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The Board of the 77 Bleecker Street Corp. is proposing that shareholders implement a

Capital Contribution Fee 

tied to future apartment purchases.



A Capital Contribution Fee is a one-time charge to a new owner associated with the transfer of title on a property that is part of a condo, co-op or homeowner’s association.  It is paid at closing by the buyer and is ear-marked for the corporation’s Reserve Fund to fund future capital expenditures.

Standard practice is to calculate the fee as a percentage of the purchase price.

Studies show that such a fee is likely to have a positive effect on property values over time, improve quality of life and help provide peace of mind to owners.

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A building in top condition generates higher sale prices.

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A building with upgraded infrastructure and amenities is more enjoyable to live in and provides a more pleasant experience for its residents, their families and their guests.

Strong financials, including reserves that are available for both mandatory and discretionary capital projects, benefits sellers, who receive a higher price for their unit. Current residents and buyers, both of whom will enjoy a higher-quality built environment, can be assured in the knowledge that a steady source of revenue to defray the cost of future upgrades is in place.

“The New York Times reported about eight years ago that approximately 50% of the co-ops in New York City have some version of a transfer-related fee. Based on my experience, I think the number is far higher.”
- stuart saft, holland & knight llp, partner, real estate practice leader

How is a Capital Contribution Fee different from a ‘Flip Tax’ or a ‘Transfer Fee’?

A ‘Flip Tax’ is a fee paid by a seller on a housing co-op transaction. In the ‘70s, when conversions were ubiquitous, existing residents (renters) were usually offered an inside discounted price to purchase an apartment at the time of conversion. Many opted to immediately turn around and sell their apartments at the new market price after the building converted to a co-op, realizing a significant profit.

Thus, the term ‘Flip Tax’ came into use.

A ‘Flip Tax’ is actually the same thing as a Transfer Fee, payable to the co-op upon the sale of an apartment. Co-ops use Transfer Fees as a way to increase revenue and strengthen fiscal health.

A Capital Contribution Fee is a fee paid by a buyer on a housing co-op transaction.  It is a fee to join the cooperative and is added to the buyer’s property cost basis.



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A Capital Contribution Fee creates an additional revenue stream in perpetuity.

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A 3% Capital Contribution Fee would considerably strengthen our co-op's finances.

Capital Contribution Fee Revenue Potential

“A transfer fee is definitely a great thing! It gives a co-op's financials some heft. It's important that the buyer see serious financials and a transfer fee shows a commitment to buttressing reserves.”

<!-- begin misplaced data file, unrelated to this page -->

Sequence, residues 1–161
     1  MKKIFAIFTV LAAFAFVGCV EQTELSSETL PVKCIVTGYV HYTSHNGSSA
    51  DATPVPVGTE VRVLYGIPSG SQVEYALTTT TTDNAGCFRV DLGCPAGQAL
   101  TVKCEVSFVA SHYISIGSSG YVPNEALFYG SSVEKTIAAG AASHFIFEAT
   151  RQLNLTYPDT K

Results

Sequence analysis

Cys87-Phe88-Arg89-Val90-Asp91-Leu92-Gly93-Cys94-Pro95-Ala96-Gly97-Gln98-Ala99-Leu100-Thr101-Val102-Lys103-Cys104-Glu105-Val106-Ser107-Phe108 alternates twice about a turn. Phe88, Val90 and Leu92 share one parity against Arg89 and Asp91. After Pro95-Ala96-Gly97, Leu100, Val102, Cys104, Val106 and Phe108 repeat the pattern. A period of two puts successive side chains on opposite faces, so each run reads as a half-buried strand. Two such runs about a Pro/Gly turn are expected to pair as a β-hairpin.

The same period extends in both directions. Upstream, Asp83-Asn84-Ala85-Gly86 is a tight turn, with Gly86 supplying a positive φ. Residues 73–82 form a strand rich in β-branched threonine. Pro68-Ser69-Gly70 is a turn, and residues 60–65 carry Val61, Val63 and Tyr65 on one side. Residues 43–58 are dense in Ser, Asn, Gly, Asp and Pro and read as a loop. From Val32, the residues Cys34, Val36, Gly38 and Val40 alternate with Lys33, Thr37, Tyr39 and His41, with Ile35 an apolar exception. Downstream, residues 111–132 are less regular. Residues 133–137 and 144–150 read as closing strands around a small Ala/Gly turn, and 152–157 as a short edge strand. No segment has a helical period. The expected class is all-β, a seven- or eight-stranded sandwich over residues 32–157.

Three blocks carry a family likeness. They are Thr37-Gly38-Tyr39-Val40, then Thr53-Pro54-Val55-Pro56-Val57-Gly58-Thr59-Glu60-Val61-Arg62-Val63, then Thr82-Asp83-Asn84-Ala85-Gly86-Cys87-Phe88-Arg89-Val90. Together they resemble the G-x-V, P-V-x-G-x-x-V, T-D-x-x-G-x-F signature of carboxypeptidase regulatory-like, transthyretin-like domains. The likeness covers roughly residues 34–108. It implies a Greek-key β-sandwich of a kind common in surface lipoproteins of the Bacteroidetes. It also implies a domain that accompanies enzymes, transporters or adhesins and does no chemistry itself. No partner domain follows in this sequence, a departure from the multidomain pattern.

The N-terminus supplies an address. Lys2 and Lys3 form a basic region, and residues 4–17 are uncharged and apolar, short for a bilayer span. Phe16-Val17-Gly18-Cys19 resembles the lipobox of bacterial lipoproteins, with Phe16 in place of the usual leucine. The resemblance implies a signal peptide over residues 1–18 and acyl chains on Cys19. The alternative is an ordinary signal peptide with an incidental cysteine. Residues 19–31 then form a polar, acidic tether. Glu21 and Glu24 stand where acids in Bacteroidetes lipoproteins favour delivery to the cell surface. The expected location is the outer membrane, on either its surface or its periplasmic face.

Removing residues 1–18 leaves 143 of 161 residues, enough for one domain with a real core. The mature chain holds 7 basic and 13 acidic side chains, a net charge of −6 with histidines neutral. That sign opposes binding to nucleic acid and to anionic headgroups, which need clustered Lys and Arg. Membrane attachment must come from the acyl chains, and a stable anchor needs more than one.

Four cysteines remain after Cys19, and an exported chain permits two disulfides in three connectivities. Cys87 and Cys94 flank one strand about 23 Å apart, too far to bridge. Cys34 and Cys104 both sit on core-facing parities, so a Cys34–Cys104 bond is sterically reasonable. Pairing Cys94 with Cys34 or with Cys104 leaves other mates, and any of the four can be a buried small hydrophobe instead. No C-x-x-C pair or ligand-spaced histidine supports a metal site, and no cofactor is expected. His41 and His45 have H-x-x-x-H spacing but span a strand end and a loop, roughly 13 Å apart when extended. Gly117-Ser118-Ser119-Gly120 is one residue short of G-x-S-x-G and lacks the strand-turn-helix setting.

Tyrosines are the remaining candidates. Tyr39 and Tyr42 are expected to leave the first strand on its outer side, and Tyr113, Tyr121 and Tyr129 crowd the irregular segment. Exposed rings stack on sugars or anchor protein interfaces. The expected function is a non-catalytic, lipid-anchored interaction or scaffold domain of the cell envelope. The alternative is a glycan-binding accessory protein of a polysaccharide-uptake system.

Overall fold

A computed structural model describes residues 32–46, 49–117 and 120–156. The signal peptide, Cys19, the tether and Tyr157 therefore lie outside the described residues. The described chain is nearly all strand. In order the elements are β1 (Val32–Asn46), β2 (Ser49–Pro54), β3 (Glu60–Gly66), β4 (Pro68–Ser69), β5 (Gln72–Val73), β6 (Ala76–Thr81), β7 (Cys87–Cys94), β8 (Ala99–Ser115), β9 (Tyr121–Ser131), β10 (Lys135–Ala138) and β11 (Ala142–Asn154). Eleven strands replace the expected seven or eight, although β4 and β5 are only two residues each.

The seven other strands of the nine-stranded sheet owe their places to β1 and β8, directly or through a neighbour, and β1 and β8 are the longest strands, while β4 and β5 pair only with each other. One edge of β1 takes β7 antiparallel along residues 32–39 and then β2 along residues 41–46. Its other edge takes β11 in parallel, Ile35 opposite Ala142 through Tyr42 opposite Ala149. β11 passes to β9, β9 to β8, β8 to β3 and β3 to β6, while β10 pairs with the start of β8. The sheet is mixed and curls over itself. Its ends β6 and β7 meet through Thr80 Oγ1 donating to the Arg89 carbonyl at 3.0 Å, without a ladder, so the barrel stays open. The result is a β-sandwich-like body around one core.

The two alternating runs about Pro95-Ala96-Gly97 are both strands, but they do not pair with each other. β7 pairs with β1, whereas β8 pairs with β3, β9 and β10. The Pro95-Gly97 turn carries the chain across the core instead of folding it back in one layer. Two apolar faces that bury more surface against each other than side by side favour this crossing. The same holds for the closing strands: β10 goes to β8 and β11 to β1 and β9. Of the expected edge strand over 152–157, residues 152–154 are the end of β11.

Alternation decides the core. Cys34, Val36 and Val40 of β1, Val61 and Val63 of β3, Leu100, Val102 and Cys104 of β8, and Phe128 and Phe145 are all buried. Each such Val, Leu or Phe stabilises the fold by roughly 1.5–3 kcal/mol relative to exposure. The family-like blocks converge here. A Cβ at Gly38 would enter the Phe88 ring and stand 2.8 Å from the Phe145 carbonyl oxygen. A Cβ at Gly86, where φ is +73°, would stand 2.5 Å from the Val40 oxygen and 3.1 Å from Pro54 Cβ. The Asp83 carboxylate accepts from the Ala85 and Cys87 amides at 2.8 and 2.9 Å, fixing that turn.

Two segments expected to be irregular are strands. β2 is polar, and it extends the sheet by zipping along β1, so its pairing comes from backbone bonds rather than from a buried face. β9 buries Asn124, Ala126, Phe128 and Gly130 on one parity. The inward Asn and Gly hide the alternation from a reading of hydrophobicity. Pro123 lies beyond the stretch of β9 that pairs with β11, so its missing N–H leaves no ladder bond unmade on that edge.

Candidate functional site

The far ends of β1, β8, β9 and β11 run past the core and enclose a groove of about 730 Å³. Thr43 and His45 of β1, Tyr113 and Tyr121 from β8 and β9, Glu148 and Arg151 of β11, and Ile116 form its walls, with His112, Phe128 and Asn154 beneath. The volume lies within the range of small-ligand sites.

- john carhart, corcoran group, 77 bleecker st. shareholder

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There are two budgets.

Operating Budget

Used to fund recurring and day-to-day expenses that keep the building running. Main revenue source is shareholder monthly maintenance.

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Capital Budget

Used to fund infrastructure replacement and medium to long-term projects that: comply with local ordinances; maintain and increase property values; and improve quality of life.

Revenue would be significant enough to build our capital reserves.

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Over the past 10 years, mandatory (infrastructure) capital improvement projects have consumed nearly


These projects will become more frequent, more complex and more expensive.

During the same period of time, we have only spent


on discretionary (amenities) capital improvement projects.

Projects under consideration.
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1. Window Replacement

2. New Mercer Street Service Entrance

3. Redesigned Bleecker Street Entrance and Lobby

4. Courtyard Landscaping

5. New Amenities

6. Hallway Renovations

These projects can change our lives.
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This proposal is to enact a 3% Capital Contribution Fee.

“In my experience, buyers in Manhattan expect some sort of transfer-related fee. They understand that expenses, especially taxes, are always increasing and revenue sources are limited. Without a transfer fee, maintenance increases and assessments have to shoulder the entire burden.”
- lisa weiner koenig, halstead



Our latest June 2018 shareholder survey indicated high support for a "YES" vote.

When asked: ”What is your view regarding enacting a Capital Contribution Fee as a funding source?”

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According to the language of our Proprietary Lease, a supermajority representing 2/3 of the outstanding shares of the corporation is needed to amend the lease.

The vote on this matter is by affirmative written consent. Votes in favor of enacting a change to the Proprietary Lease allowing for a 3% CAPITAL CONTRIBUTION FEE will continue to be collected until that threshold is reached.

In order to allow sales-in-progress to be unaffected, there will be a six month window after the change is enacted, during which all transfers are exempt from the new fee.

To read a detailed explanation and the actual language change being proposed, please click VOTE below.

Presented by:

The 77 Bleecker Street Corp. Capital Contribution Working Group

Beth Gottlieb: Chairperson
Ken Rogers
Susan Eastman
Bruce Jaeger
Ed Maher